Contact

Jen Humphrey
KU Natural History Museum
785-864-2344

Conservation assessment begins on KU Natural History Museum exhibit

Thu, 12/05/2013

LAWRENCE – The first of three phases to evaluate the historic Panorama exhibit at the KU Natural History Museum will begin with the arrival of a conservator and research team Tuesday, Dec. 10.

Led by Ronald Harvey, Tuckerbrook Conservation LLC of Lincolnville, Maine, the team will conduct a chemical analysis of the Panorama’s animal mounts, plants and backgrounds. Taxidermy, construction materials and other elements inside the Panorama will be evaluated for toxins such as arsenic and mercury. The group will also begin photographing conservation details of the exhibit.

Lewis Lindsay Dyche prepared the display originally as part of the Kansas exhibition at the 1893 World’s Fair, where it was visited by as many as 20,000 people per day.  On its return to Kansas, the state Legislature funded the building of Dyche Hall in 1901 to house the Panorama as part of KU’s larger Natural History Museum.

Phase two of the conservation assessment will begin in March and apply the information learned about toxins to an in-depth analysis of the animal mounts and surroundings. The team will also lightly clean the animals, which have endured years of exposure to fluctuating temperature, humidity and light.

Ultimately, by summer 2014, the completed analysis will be used by the Biodiversity Institute, which includes the museum, to develop a conservation and exhibition plan for the Panorama for future generations.

The museum began raising funds for the conservation assessment in 2012, when KU alumni Kent and Janet Martin McKinney of Kerrville, Texas, contributed a challenge grant of $50,000. Dozens of museum friends and contributors matched their gift. An October 2013 fundraising event, Party in the Panorama, raised an additional $10,000 for the exhibit, bringing the total for the conservation effort to more than $110,000.

Contributions count toward Far Above: The Campaign for Kansas, the university’s $1.2 billion comprehensive fundraising campaign. Far Above seeks support to educate future leaders, advance medicine, accelerate discovery and drive economic growth to seize the opportunities of the future.

The campaign is managed by KU Endowment, the independent, nonprofit organization serving as the official fundraising and fund-management organization for KU. Founded in 1891, KU Endowment was the first foundation of its kind at a U.S. public university.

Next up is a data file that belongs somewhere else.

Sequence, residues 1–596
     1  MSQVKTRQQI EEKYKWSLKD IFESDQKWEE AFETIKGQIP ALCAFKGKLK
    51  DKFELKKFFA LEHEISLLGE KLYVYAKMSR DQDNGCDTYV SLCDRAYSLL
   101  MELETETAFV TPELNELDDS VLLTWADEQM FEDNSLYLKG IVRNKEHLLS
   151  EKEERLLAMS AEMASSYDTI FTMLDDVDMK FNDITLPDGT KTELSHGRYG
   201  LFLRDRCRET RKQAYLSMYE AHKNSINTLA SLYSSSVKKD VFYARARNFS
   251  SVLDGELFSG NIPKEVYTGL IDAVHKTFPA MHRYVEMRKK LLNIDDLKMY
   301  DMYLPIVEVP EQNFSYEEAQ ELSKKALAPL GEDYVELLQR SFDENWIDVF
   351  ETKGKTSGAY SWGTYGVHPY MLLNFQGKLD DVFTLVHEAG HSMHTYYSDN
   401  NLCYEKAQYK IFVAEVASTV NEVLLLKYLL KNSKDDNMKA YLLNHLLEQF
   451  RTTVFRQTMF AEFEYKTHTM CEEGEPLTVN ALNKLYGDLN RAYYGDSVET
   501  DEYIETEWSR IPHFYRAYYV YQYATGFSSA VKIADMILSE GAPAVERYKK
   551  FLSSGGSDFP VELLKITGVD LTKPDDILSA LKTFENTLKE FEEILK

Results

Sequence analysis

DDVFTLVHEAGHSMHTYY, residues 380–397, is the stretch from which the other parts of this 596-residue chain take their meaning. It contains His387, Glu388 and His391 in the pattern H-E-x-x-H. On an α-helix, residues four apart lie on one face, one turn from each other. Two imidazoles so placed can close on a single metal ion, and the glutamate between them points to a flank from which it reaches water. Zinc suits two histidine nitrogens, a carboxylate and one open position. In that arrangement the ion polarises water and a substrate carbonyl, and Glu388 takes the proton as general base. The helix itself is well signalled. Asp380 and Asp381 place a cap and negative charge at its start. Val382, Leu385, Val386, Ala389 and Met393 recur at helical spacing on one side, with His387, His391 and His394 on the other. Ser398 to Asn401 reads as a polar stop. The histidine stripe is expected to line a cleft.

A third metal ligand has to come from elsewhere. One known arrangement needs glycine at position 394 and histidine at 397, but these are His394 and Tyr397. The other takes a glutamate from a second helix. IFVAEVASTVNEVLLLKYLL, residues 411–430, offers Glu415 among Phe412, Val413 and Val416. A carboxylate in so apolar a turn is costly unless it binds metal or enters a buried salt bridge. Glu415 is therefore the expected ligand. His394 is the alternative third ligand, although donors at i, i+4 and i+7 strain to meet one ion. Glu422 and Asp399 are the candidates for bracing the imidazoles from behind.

Matt Menzenski, a graduate student in Slavic languages & literatures, took this photo during President Obama’s speech at KU Thursday. Menzenski says he was struck by how relaxed the president was in his delivery. He missed a chance to hear former President Bill Clinton speak in his hometown in 2004, but finally got to see a sitting president this week at KU. “The opportunity to hear the president speak is just one of many great opportunities I've had at KU. So many interesting talks and events happen here all the time. I try to attend at least one a week-- it's never hard to find something interesting to go to.” Tags: University of Kansas College of Liberal Arts and Sciences KU School of Languages, Literatures & Cultures KU Dept of Slavic Languages - Friends & Alumni Barack Obama The White House #exploreKU #POTUSatKU

Explore KU: The Bells of Mount Oread KU’s Campanile, a 120-foot-tall timepiece that tolls automatically on the hour and quarter-hour, not only sounded in the 2015 New Year at midnight with 12 mighty gongs, but also regularly rings up memories for many Jayhawks – the 277 faculty and students who gave their lives during World War II, the graduates who walk through its doors at commencement, and aspiring students who have strolled through the Lawrence campus. (See http://bit.ly/1xjjwJj). For nearly 60 years, KU’s 53-bell carillon has been tolling the sounds of peace and serenity across Mount Oread since it was installed in June 1955 inside the landmark World War II Memorial Campanile, which was dedicated in 1951. (See http://bit.ly/1BoL9jv) The carillon is also a four-octave musical instrument, which is played with a giant keyboard and foot pedals. University Carillonneur Elizabeth Egber-Berghout (http://bit.ly/14fiBPl), associate professor of carillon and organ, climbs 77 steps up a spiral staircase in the bell tower to perform recitals several times a month.


One of 34 U.S. public institutions in the prestigious Association of American Universities
26 prestigious Rhodes Scholars — more than all other Kansas colleges combined
Nearly $290 million in financial aid annually
46 nationally ranked graduate programs.
—U.S. News & World Report
Top 50 nationwide for size of library collection.
—ALA
23rd nationwide for service to veterans —"Best for Vets," Military Times